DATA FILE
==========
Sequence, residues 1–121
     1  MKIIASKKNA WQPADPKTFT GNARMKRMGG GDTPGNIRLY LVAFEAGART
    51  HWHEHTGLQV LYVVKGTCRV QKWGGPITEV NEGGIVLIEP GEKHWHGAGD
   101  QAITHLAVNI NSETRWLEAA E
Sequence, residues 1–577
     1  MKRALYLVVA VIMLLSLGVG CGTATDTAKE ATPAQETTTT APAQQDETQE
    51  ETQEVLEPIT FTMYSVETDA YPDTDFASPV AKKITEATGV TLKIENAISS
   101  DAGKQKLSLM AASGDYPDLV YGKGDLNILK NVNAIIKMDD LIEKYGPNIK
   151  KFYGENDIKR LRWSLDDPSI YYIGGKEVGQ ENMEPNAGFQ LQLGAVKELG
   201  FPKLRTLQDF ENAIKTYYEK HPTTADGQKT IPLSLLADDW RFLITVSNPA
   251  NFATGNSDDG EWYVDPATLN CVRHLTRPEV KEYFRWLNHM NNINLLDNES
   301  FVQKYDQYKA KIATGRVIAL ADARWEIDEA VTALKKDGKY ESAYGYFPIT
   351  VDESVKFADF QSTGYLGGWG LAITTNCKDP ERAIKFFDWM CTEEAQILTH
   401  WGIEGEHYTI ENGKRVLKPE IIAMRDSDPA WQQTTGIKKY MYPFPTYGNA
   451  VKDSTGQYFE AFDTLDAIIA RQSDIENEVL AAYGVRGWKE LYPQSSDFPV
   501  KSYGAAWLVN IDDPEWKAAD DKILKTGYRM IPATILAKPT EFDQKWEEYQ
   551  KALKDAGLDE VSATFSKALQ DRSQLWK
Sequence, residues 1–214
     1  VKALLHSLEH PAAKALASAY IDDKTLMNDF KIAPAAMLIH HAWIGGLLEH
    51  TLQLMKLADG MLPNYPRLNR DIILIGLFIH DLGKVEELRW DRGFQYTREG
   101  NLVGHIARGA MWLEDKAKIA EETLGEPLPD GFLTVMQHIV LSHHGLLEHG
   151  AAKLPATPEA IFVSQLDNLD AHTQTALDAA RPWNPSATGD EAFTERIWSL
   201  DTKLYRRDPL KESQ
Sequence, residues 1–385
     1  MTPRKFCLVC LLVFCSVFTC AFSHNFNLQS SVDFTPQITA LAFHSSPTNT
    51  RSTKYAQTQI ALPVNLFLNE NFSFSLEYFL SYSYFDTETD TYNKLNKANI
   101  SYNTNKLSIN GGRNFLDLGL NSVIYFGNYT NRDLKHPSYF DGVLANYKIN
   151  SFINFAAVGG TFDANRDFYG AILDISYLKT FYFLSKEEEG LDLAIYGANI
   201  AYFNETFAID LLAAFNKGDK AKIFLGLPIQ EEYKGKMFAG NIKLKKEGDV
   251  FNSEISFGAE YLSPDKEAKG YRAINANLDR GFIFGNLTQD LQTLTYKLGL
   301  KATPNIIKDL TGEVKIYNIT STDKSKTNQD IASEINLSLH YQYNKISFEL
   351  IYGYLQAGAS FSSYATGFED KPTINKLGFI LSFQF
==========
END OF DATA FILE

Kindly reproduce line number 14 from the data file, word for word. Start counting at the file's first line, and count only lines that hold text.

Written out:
   401  WGIEGEHYTI ENGKRVLKPE IIAMRDSDPA WQQTTGIKKY MYPFPTYGNA